The random witterings of Jonathan Morris, writer.

Monday, 4 January 2010

Tables Have Turned

Spent today in a recording studio, second day of a thing which has sort-of already been announced but which I’m not going to say what it is. It went well, everyone was marvellous and I drank far too much black coffee.

Speaking of things being recorded, though, I can now begin plugging stuff for 2010; the first being the audio tale Jago & Litefoot: The Spirit Trap, as announced in Doctor Who Magazine. Out in June as part of a ‘Series One’ box set. Litefoot and Jago are, respectively, a professor of medicine and a theatrical entrepreneur, first seen many years ago in the Doctor Who adventure The Talons Of Weng-Chiang and more recently heard in the recent, absolutely terrific, audio adventure The Mahogany Murderers. They’re portrayed by Trevor Baxter and Christopher Benjamin (who was a terrific Falstaff at the Globe a couple of years ago).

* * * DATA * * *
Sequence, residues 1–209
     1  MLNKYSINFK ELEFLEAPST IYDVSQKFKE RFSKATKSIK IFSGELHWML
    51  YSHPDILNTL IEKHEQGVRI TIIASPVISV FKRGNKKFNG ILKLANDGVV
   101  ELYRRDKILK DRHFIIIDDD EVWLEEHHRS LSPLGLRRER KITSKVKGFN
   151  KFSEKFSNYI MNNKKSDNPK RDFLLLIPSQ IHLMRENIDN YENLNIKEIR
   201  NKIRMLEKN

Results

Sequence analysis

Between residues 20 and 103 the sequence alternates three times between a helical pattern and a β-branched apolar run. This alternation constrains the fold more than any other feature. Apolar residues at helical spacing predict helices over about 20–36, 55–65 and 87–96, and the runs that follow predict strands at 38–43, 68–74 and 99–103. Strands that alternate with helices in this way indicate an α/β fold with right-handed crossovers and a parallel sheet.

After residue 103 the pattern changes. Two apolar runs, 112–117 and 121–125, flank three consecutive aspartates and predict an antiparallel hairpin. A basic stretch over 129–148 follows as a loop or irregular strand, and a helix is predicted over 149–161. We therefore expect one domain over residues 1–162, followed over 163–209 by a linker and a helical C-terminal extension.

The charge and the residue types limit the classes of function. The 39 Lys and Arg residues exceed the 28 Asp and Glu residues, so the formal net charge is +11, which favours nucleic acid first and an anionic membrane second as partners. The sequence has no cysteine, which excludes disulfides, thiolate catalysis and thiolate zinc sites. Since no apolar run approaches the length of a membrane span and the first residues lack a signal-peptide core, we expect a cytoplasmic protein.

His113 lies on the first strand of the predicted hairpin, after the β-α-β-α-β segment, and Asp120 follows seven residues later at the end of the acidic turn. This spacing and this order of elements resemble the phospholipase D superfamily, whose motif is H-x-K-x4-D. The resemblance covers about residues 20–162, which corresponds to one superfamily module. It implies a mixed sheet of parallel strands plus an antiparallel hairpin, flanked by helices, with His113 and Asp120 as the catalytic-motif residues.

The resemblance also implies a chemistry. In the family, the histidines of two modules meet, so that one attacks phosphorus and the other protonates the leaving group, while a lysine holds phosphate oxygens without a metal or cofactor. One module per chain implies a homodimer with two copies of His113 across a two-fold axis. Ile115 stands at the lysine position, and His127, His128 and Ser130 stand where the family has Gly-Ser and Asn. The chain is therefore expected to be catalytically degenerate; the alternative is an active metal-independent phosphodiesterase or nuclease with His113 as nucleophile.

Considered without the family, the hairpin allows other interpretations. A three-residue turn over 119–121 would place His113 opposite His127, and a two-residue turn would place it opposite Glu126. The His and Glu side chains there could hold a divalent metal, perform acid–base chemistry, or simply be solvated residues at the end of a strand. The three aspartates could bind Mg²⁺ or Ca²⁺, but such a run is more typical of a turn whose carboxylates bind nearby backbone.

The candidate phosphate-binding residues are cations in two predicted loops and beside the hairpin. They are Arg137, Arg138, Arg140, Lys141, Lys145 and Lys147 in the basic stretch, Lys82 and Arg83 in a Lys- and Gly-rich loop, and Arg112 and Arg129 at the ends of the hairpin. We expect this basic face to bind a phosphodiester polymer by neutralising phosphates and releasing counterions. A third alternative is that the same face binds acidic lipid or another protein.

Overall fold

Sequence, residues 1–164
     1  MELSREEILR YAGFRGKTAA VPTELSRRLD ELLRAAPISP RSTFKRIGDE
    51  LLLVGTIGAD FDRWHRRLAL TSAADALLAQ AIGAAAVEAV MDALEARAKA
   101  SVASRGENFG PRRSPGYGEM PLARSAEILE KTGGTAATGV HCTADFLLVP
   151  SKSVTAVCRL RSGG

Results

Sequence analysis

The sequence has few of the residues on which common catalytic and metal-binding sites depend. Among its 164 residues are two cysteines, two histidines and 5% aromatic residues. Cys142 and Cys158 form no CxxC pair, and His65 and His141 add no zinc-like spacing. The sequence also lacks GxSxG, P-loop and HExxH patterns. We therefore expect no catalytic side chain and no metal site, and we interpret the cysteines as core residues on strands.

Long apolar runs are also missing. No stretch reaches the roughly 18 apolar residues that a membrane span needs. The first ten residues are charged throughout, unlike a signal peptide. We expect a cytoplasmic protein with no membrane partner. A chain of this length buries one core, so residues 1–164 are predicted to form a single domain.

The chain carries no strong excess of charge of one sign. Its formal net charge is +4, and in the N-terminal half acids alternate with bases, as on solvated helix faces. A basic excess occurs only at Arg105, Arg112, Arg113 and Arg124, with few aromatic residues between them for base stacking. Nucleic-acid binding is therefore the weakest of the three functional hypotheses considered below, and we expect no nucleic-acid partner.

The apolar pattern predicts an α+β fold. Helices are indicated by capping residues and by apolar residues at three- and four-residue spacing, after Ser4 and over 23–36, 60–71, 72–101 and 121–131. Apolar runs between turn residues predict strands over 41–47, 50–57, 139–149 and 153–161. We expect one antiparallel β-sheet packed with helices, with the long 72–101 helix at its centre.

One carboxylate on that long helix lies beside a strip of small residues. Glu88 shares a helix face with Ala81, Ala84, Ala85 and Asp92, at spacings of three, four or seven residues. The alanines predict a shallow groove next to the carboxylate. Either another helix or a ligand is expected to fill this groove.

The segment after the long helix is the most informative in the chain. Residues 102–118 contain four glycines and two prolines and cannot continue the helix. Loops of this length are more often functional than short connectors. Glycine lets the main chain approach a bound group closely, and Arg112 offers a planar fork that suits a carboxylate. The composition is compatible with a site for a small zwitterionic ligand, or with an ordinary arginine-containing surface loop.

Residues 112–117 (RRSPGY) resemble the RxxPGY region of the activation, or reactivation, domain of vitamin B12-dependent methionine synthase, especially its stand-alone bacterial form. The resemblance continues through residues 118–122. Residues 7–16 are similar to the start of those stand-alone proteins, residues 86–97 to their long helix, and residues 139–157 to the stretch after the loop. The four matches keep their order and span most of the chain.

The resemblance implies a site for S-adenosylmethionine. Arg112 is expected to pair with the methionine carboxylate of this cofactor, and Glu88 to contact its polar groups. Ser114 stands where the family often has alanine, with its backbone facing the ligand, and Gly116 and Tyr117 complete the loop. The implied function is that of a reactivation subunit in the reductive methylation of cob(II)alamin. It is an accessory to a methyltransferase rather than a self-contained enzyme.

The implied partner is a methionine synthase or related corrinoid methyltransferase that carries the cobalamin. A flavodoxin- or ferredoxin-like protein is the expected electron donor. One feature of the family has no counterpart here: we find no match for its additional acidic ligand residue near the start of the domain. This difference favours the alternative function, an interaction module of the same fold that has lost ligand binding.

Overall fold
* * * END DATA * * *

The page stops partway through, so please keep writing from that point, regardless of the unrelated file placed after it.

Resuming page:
It was written in late November last year and recorded on December 18th, so follow this link here to read the relevant blog. That’s a pretty fast turnaround, which suits me, as it means there’s less time for procrastination and vacillation. In the story, our heroes investigate the phenomena of table-tapping...

As ‘research’ I read Matthew Sweet’s fantastic book on the Victorians, which was utterly useless for my purposes as Jago & Litefoot is set very much within the fog-and-gaslight world of the twentieth century’s romanticised version of that era; the world of Sherlock Holmes and Fu Manchu. I also read The Table Rappers by Ronald Pearsall, which was a useful, if awkwardly-written, account of nineteenth century spiritualism, séances, clairvoyance and so on; largely from a sceptical viewpoint, though Pearsall (bizarrely) concludes that a few practitioners, such as D D Home, were probably genuine. Well, I suppose it’s good to keep an open mind...

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